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‘Double dipping’ stifles future of county’s youth

In response to Paul Sites’ “double dipping” letter, I certainly agree with welfare recipients — and I include SSI recipients as well — as being continual dippers.

However, going to the bank and making a withdrawal while working is certainly not “double dipping.”

You say an employer reemploying a retiree is acceptable, maybe so. However if an individual is ready to retire then do so.

Otherwise continue working for your current wages. Do not retire then obtain the same job because that is where “double dipping” exists. You are drawing a retirement and wages for the same position.

You also refer to 40 years of investments. Yes, those investments were for “retirement.”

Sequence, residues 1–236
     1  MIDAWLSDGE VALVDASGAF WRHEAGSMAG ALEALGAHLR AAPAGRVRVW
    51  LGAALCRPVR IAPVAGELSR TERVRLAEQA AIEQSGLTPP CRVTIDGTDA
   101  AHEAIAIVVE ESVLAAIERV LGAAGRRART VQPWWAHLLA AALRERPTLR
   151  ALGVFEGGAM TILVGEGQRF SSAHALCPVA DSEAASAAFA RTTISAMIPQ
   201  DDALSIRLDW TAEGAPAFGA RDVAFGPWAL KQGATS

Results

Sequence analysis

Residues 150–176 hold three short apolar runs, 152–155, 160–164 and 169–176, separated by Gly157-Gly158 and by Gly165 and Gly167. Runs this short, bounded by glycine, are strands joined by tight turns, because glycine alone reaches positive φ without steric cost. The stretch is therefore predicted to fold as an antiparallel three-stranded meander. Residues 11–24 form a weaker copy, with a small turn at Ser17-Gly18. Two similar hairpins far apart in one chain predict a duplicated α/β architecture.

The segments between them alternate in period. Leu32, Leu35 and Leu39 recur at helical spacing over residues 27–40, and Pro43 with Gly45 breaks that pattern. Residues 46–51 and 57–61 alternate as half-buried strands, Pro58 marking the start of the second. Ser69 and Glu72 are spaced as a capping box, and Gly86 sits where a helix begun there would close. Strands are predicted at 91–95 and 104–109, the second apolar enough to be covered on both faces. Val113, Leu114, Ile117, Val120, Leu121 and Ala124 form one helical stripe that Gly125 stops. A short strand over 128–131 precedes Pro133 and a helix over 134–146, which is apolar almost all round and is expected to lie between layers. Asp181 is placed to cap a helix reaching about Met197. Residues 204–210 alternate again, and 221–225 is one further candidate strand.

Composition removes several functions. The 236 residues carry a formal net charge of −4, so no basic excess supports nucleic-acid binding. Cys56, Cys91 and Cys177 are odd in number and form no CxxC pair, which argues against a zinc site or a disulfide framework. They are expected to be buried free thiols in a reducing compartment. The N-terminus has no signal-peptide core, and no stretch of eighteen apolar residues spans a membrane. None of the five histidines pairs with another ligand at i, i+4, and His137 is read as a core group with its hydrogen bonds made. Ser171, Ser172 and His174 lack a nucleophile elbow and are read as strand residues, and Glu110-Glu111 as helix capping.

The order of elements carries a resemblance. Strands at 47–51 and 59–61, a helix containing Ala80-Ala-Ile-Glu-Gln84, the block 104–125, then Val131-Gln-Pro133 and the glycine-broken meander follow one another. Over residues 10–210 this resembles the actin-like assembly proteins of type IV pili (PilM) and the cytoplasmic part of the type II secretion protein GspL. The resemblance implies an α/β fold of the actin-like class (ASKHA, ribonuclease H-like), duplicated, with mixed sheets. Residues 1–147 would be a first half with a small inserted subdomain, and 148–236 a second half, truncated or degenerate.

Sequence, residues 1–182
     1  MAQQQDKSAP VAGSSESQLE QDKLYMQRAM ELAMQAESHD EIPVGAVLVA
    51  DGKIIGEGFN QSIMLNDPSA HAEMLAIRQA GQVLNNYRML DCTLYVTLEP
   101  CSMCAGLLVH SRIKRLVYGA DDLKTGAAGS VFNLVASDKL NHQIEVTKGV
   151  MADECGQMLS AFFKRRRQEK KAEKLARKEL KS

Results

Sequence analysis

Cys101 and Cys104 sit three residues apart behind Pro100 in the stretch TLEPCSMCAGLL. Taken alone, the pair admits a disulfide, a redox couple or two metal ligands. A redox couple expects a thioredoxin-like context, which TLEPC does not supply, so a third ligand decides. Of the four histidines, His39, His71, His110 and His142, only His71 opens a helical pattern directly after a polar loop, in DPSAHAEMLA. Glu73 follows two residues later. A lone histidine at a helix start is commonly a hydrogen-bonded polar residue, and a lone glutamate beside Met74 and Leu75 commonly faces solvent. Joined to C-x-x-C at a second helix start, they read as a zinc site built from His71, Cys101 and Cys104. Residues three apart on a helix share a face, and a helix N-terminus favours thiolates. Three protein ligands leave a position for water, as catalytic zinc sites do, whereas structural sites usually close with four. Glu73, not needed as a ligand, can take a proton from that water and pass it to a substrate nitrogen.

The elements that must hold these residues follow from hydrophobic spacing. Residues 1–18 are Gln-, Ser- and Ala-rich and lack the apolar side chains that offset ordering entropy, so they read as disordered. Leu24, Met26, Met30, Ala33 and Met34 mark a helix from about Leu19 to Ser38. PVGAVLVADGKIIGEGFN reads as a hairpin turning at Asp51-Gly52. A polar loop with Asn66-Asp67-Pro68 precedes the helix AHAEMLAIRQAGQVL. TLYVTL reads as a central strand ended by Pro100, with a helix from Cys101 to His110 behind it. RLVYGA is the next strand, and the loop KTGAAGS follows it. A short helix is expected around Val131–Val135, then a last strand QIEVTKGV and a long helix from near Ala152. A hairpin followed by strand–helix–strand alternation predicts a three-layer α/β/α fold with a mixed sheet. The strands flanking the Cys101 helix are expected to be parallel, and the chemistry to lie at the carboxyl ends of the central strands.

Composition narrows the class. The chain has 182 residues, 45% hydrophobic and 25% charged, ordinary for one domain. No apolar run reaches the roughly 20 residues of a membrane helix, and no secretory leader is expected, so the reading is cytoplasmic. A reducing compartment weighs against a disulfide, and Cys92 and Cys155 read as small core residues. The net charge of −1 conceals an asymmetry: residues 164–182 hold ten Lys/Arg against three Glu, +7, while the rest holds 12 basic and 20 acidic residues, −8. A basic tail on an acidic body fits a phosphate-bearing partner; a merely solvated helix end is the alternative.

It is time to allow a young person who is fresh out of school, and instead of having 40 years of investments, has large student loans to repay, which they do not have the ability to pay because of “double dippers.”

How do you expect young college graduates to get a job and begin student loan repayment, as well as begin their path to 40 years of investing, when “double dippers” take all the jobs?

Young college grads that are searching for jobs and struggling with student loan payments do not have the luxury of your inaccurate definition of “double dipping.”

They cannot go to the bank and withdrawal money because they have no job, just bills, incurred while getting an education with the hopes of obtaining a job, which leaves them no money in the bank for withdrawal.

So in short please do not try to justify, or make excuses for “double dipping.” It is wrong.

Therefore when you retire do just that, retire, and make room for the younger generation.

Drew Artis